KK: Did you do any initial triage outside of the emergency department, or did you bring everybody inside to do that?
Explore This IssueACEP Now: Vol 37 – No 02 – February 2018
SS: Everybody was brought inside. We were fortunate that this was a Sunday night in Las Vegas. The ED volume was not like it would be on a Monday or Tuesday night, so we were able to put our active patients in certain areas to make room for the patients that were coming in. Initially, the MCI [mass casualty incident] triage was done by a physician. However, we needed physicians in the back to take care of the sicker patients, so we passed that on to one of the nurses out there to coordinate the MCI triage. A lot of things that I’m going to learn, I’m going to learn from Jeannine, from the patient’s perspective.
Station 1 was the area where we took care of all our “red” patients. Those were our most unstable patients with the most life-threatening injuries. Station 2 and Station 4 were for what we call our “yellow” or our “immediate” patients to resuscitate them and stabilize them there. Then we utilized our ambulatory care areas, our pediatric emergency department, and our PAC-U [post-anesthesia care unit] space [as Station 3] for what we call our “green” patients, which is kind of our “walking wounded.” We had that pretty well dialed in when the first patients started to arrive.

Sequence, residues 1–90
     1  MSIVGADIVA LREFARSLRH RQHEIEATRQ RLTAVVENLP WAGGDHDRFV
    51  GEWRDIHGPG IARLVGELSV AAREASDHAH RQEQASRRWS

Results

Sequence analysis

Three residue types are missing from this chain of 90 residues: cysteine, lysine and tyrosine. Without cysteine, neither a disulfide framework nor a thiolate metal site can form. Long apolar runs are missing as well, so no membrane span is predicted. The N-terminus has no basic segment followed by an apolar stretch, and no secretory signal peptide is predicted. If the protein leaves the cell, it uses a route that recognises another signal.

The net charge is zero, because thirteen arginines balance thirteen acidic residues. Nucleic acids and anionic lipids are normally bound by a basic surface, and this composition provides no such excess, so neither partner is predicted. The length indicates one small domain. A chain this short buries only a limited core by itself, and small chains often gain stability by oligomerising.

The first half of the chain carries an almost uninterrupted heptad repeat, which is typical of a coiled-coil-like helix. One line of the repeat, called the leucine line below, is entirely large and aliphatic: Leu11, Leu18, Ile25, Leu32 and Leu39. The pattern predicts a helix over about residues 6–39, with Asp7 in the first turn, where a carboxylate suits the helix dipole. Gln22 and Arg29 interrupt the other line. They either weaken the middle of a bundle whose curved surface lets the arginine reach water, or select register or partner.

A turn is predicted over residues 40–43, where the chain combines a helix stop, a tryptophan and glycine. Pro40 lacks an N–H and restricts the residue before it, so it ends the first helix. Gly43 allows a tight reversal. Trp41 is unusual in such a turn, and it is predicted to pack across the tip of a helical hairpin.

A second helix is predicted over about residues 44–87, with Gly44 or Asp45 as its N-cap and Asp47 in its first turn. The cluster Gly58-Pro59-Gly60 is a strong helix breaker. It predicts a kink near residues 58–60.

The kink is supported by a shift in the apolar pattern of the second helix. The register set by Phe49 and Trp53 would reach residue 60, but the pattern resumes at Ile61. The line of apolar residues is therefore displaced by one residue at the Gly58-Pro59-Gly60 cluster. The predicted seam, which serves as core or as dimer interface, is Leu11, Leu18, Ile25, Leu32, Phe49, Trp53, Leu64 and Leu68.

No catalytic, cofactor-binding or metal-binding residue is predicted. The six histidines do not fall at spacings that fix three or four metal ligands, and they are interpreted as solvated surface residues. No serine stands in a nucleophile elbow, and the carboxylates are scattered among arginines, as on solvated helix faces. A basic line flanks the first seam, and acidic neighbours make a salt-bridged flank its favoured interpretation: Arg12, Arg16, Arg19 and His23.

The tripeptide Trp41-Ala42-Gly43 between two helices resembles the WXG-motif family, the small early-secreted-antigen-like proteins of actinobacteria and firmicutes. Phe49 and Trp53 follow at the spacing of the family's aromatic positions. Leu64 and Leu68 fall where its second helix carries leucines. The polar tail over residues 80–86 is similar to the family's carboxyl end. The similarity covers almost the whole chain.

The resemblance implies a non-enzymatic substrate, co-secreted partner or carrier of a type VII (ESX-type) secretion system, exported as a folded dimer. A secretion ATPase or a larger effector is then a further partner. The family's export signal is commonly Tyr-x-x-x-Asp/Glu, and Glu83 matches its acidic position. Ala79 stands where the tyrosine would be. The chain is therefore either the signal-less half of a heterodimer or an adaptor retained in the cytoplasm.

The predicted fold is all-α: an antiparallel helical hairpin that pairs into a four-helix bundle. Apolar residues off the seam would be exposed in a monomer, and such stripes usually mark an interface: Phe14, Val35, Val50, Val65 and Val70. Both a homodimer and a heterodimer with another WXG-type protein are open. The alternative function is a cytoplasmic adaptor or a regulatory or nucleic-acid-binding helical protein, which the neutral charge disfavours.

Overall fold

KK: Can you give us a sense of the spectrum of injuries that you saw?
SS: Most severe were gunshot wounds to the chest, abdomen, and also to the head.
KK: I have to credit you and others for your disaster preparedness plan and making sure everybody was ready to go. Do you think that plan was adequate?
SS: It was from an organizational standpoint, but there were a lot of lessons learned. We’ve practiced MCIs and even had a few MCIs, but nothing to this scale, so there are certain things that we ran out of. We ran out chest tubes and laryngoscopes. We ran out of ventilators at one point. We ended up having to put two patients on the same ventilator at one point. Sunrise is part of a three-hospital system, so we were able to commandeer level 1 transfusers, chest tubes, laryngoscopes, and blood products from our area hospitals in a matter of minutes.